And if you don’t understand the difference between capital flows within an economy (within a currency, within a tax base, within a single regulatory system, under a single government etc) and flows between economies you really have a problem.

          • Paul Walker 1.1.1.1.1

            “And if you don’t understand the difference between capital flows within an economy (within a currency, within a tax base, within a single regulatory system, under a single government etc) and flows between economies you really have a problem.”

            There are no economic differences between the two, that is the point. We don’t know what the state of the capital account is between the North and South Islands, and we don’t care or need to know. In exactly the same way we don’t need to know or care about what the state of the current account is between us and the rest of the world.

            ‘Exports good, imports bad’ (non)thinking in this is just modern day mercantilism.

            • prism 1.1.1.1.1.1

              The state of our earnings from exports versus our spending on imports is surely one of the things that the rating agencies look at. We can’t take a holiday from the rating agencies judgements.

  2. tsmithfield 2

    Not that easy for exporters when our dollar has been artificially pumped up by the carry trade in the US dollar.

    Also, productivity per head of population will decrease as unemployment increases. Hopefully, now the economy is starting to turn around the unemployment trend will start reversing. Having said that, there are a lot of places in the world that have faired much worse than we have.

    • Bright Red 2.1

      ts. Productivity per worker rises with unemployment.

      The point in the post is obviously that while there is economy growth, it is below the rate of population growth. Sure, the pie is growing but the number of slices is growing faster.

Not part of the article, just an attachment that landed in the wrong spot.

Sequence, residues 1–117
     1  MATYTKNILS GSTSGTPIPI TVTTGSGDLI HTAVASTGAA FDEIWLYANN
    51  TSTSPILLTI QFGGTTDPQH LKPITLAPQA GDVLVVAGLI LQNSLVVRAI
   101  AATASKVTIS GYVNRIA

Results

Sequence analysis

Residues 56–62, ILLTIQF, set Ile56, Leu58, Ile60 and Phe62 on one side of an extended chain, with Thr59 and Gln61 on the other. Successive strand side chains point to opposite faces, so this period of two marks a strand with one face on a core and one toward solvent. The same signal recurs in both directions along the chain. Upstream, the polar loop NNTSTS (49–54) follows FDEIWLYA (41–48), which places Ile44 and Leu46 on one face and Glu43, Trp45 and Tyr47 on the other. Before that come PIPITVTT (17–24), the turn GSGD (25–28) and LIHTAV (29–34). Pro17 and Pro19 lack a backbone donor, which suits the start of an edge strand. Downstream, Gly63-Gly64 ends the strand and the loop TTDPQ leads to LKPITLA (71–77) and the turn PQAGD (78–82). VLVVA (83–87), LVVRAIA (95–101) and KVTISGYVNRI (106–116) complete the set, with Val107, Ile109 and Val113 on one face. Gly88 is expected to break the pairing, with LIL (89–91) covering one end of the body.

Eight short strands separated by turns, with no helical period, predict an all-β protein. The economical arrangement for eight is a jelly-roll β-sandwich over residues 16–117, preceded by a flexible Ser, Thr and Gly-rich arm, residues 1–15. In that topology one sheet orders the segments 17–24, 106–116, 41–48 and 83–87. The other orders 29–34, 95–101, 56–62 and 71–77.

• tsmithfield 2.1.1

        I didn’t say per worker. I said per head of population. So, I what I said is correct.

    • “productivity per head of population”

      Can you explain what you mean by that. I don’t get it. For example GDP per worker is often used as a measure of labour productivity. Do you want GDP per worker per person? I really not sure what that measures?

  3. Pascal's bookie 3

    Paul, in your post that you link to (which, while interesting is not about the topic of this post), you explain yourself why “Why would anyone care about exports”.

    They are what we use to pay for our imports.

    Where there is a deficit we are consuming all that lovely consumption, but not paying for it yet with exports. That means we have to service that debt from somewhere else.

    Perhaps you could explain why all the credit ratings agencies care about current account deficits, a question you never got around to answering the other day.

    Maybe you are right and they are wrong, and a current account deficit is nothing to worry about in and of itself. But that doesn’t matter, because it’s them what sets our credit ratings. A downgrade in our credit ratings all by itself, is a reason to not be unconcerned about running up a huge current account deficit. Surely?

    • “They are what we use to pay for our imports. ”

      Exactly. We only export so that we can import. Exporting for the sake of it makes no sense. Importing is what makes sense.

      “Perhaps you could explain why all the credit ratings agencies care about current account deficits, a question you never got around to answering the other day.”

      My guess is they don’t care about current account deficits per sec. They use them as an indication/signal that something else in the economy is wrong. They will then go looking for that something.